While devoting a full report to celebrity Taylor Swift endorsing Democrats in her home state of Tennessee, the journalists at ABC’s Nightline on Monday couldn’t help but compare the situation to past liberal champions: The Dixie Chicks. Journalist Linsey Davis reminded, “The Dixie Chicks certainly know what it's like to be punished for getting political. Back in 2003, they triggered a landslide of criticism after saying they were ashamed then-president George W. Bush was from their home state of Texas.”
Recounting the backlash against the singers, she detailed, “People responded by bulldozing Dixie Chicks CDs, boycotting concerts, blacklisting their music from the airwaves. It took years before the group made a comeback.”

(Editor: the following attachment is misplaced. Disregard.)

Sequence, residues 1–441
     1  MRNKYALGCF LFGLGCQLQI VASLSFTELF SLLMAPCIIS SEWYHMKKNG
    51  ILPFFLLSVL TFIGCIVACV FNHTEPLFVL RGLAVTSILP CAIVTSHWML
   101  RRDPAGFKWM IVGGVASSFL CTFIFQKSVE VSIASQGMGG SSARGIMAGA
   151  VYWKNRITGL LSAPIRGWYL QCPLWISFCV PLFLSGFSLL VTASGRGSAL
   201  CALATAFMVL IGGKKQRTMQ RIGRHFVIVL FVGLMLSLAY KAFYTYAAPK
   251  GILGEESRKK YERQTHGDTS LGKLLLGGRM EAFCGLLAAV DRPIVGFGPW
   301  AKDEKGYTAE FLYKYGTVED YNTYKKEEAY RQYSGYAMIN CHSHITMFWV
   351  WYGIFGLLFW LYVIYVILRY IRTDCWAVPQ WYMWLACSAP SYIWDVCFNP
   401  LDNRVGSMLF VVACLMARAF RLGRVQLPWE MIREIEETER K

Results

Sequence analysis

Of course, the history of all this is more nuanced. It’s true that actual country music fans objected in 2003 when band member Natalie Maines defensively told Europeans: “Just so you know, we're on the good side with y'all. We do not want this war, this violence, and we're ashamed that the President of the United States is from Texas.”
But liberal media outlets swooned at the attack on George W. Bush. Entertainment Weekly featured them on the May 2, 2003 cover, portraying them as martyrs for free speech. The New York Times later decried the “patriotic fatwa” against the women. ABC's Diane Sawyer interviewed the singers in primetime.
Three years later, Sawyer cheered the group’s attacks on Bush and promoted their new album:
Three years ago, as everyone knows, [Dixie Chicks] lead singer Natalie Maines said — about the impending war in Iraq — said she was ashamed that President Bush was from her home state, Texas. The reaction to her words was seismic and from some people even vicious....[Today] they are spirited, unbowed and they are back with a new single called 'Not Ready to Make Nice.'